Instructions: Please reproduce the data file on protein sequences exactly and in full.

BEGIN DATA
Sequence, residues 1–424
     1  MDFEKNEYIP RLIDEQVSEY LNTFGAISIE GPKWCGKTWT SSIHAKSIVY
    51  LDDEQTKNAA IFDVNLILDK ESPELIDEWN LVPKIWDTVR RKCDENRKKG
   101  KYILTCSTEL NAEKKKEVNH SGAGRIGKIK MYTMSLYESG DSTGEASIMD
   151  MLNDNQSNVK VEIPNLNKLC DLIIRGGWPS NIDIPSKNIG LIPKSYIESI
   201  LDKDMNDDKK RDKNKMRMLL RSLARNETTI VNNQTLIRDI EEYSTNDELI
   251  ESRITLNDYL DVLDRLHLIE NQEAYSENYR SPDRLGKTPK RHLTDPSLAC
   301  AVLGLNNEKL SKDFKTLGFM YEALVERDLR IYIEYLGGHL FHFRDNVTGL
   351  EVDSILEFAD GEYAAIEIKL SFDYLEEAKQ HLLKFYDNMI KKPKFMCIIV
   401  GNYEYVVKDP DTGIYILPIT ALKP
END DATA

Sequence, residues 1–424
     1  MDFEKNEYIP RLIDEQVSEY LNTFGAISIE GPKWCGKTWT SSIHAKSIVY
    51  LDDEQTKNAA IFDVNLILDK ESPELIDEWN LVPKIWDTVR RKCDENRKKG
   101  KYILTCSTEL NAEKKKEVNH SGAGRIGKIK MYTMSLYESG DSTGEASIMD
   151  MLNDNQSNVK VEIPNLNKLC DLIIRGGWPS NIDIPSKNIG LIPKSYIESI
   201  LDKDMNDDKK RDKNKMRMLL RSLARNETTI VNNQTLIRDI EEYSTNDELI
   251  ESRITLNDYL DVLDRLHLIE NQEAYSENYR SPDRLGKTPK RHLTDPSLAC
   301  AVLGLNNEKL SKDFKTLGFM YEALVERDLR IYIEYLGGHL FHFRDNVTGL
   351  EVDSILEFAD GEYAAIEIKL SFDYLEEAKQ HLLKFYDNMI KKPKFMCIIV
   401  GNYEYVVKDP DTGIYILPIT ALKP